Welcoming baby number 2
When Joanne and Robert Reynolds* found out they were expecting, they were beyond excited.
Three and a half years later their bouncing baby boy was promoted to big brother, a few months before his fourth birthday. Talk about a great gift.
But the Reynoldses were concerned about the adjustment little Jacob had to make. Sooner than later, he started to notice a change in mommy's body and so both parents had to get him onboard the new-baby train and the list below is the guide they employed courtesy of parenting.com.
Breaking the news
Most parents find that it's best to keep it simple. You can tell your child, "When moms and dads love each other, they sometimes decide to have a baby." For a child under two and half years old, it's best to wait until the final trimester when you are really showing before giving notice. Telling him too early will be confusing since he has no sense of time. Connecting the due date with a holiday can also help "Your new brother or sister will be here in time for your birthday!"
Include your child
Take your child along to prenatal checkups with you so he can hear baby's heartbeat and watch the ultrasound pictures. When the baby kicks, have him touch your belly and introduce himself to the baby. Some hospitals now have classes for expectant siblings, so they can learn with other children what a new baby is like.
Talk for your baby. Parents can take advantage of the toddler's natural fascination with babies by explaining what you imagine the baby is thinking, such as "When Baby grabs you and holds on tight, she is telling you how much she loves you." These can make your toddler laugh and help him see his sibling as a real person.
Double the gifts
Savvy visitors who have survived sibling rivalry themselves, know to bring along a gift for the older child when visiting a new baby. But don't count on all of your friends to have this foresight. Before birth, wrap a few small gifts and reserve them for your toddler when friends lavish gifts on the new baby. You can also let him be the one to unwrap the baby gifts before he 'gives' the toy to his baby sibling. Keep in mind that you are now encouraging your toddler to have a change in mindset - from being a taker to becoming a giver - a valuable lesson in life that even a two-year-old can and should begin to learn.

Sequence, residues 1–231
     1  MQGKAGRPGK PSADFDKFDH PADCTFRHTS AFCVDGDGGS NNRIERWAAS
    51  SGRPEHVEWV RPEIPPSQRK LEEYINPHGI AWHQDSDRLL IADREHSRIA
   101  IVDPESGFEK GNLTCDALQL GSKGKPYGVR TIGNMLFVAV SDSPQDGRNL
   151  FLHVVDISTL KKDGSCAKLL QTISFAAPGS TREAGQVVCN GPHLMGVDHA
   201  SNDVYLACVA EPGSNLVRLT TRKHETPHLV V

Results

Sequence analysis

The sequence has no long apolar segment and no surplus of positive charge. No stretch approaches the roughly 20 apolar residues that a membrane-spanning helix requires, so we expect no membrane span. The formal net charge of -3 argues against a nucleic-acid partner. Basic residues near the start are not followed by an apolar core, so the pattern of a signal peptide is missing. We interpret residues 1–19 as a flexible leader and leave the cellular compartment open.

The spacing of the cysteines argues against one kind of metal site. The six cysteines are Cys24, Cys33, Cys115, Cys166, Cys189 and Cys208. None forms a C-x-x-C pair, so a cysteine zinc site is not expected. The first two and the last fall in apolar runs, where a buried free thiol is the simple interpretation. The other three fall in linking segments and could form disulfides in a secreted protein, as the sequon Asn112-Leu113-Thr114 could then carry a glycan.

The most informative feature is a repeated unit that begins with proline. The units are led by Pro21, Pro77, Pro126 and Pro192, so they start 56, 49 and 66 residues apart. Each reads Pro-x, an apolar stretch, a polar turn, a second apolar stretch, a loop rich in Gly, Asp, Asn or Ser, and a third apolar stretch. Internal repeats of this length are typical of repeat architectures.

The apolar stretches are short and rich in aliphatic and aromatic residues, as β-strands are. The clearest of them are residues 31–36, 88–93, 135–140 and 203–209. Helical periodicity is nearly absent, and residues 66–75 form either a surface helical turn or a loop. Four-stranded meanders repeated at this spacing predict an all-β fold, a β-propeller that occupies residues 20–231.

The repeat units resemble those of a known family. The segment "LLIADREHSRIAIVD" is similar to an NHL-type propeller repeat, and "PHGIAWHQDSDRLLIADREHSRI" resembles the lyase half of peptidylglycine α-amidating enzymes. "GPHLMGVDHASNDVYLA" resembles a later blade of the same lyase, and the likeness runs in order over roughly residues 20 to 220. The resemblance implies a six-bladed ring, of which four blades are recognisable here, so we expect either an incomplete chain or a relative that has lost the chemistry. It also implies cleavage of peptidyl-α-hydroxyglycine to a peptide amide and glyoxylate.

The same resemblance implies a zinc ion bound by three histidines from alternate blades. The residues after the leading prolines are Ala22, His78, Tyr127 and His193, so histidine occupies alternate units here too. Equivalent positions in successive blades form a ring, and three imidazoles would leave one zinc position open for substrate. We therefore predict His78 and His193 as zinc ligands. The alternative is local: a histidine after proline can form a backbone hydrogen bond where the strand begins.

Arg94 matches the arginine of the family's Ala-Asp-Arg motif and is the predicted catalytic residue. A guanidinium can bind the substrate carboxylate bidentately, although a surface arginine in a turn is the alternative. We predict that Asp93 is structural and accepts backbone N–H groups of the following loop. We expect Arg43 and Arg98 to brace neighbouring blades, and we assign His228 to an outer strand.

Spread the praise
With all the attention heaped on your new baby, your toddler may feel neglected. We've always tried to extend any compliments to include our other children. When an admirer would say, "What a beautiful baby," we would add, "Now we have two beautiful children" or "And she has a beautiful big brother!"
It's admirable to say that you'll give each child equal amounts of your time, but it's unrealistic. New babies require a lot of maintenance, and you don't have 200 per cent of yourself to give. There are, however, easy ways to share with your toddler the time you spend caring for your baby. When feeding the baby, read a book to your toddler. Or place baby in an infant seat on the floor to watch while you play with her big brother or sister. As your infant gets a bit older, encourage your toddler to entertain her - making funny faces and noises is something both will love. Big toothless grins can be an incredible ego boost as your toddler thinks, "Hey, she likes me."
Daddy, daddy, daddy!
You can do double duty, but in the end, you'll still need to spend more time with the new baby. So it's important that while the older child feels he or she has lost some of mom, he or she gets more of dad. This is also the stage when a toddler may feel that mommy is no fun anymore, since she is tired all the time. (Sibling rivalry comes at a bad time for parents: Just as you are exhausted from adjusting to a new baby, you have to deal with an older child undergoing a personality change). Enter dad and outings to the park, the ice cream parlour, even the toy store. Reserve these one-on-one outings just for the older child. Remember that in children's perception of love, actions often speak louder than words.
Allow some frustration
Toddlers take it to heart when they don't get equal time. Many children ago we learnt that our job is not to keep our children free of frustrations, but to help them learn how to manage them. If your toddler becomes impatient, for example, set a time when you can give him your attention. ("Jimmy, you'll have to wait until I finish nursing Bobby, but then we can go to the park.")
Have 'just being' time
What helped was a custom we called "just being" time. Take time to let your toddler just be with you - on your lap, cuddling and talking while the new baby naps. Even 15 minutes a day of holding can make a difference.
Contributing editor William Sears, M.D., is the author with his wife, Martha Sears, R.N., of The Baby Book.